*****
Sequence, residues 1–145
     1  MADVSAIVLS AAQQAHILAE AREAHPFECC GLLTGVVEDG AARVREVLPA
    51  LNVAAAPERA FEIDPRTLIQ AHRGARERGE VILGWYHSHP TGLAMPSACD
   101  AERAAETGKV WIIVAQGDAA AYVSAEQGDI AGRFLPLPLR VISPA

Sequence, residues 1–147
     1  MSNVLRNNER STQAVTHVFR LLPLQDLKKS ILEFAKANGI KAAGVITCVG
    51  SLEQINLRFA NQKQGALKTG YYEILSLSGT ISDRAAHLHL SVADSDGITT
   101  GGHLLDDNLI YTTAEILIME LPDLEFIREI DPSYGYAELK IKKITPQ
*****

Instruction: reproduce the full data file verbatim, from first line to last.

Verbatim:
Sequence, residues 1–145
     1  MADVSAIVLS AAQQAHILAE AREAHPFECC GLLTGVVEDG AARVREVLPA
    51  LNVAAAPERA FEIDPRTLIQ AHRGARERGE VILGWYHSHP TGLAMPSACD
   101  AERAAETGKV WIIVAQGDAA AYVSAEQGDI AGRFLPLPLR VISPA

Sequence, residues 1–147
     1  MSNVLRNNER STQAVTHVFR LLPLQDLKKS ILEFAKANGI KAAGVITCVG
    51  SLEQINLRFA NQKQGALKTG YYEILSLSGT ISDRAAHLHL SVADSDGITT
   101  GGHLLDDNLI YTTAEILIME LPDLEFIREI DPSYGYAELK IKKITPQ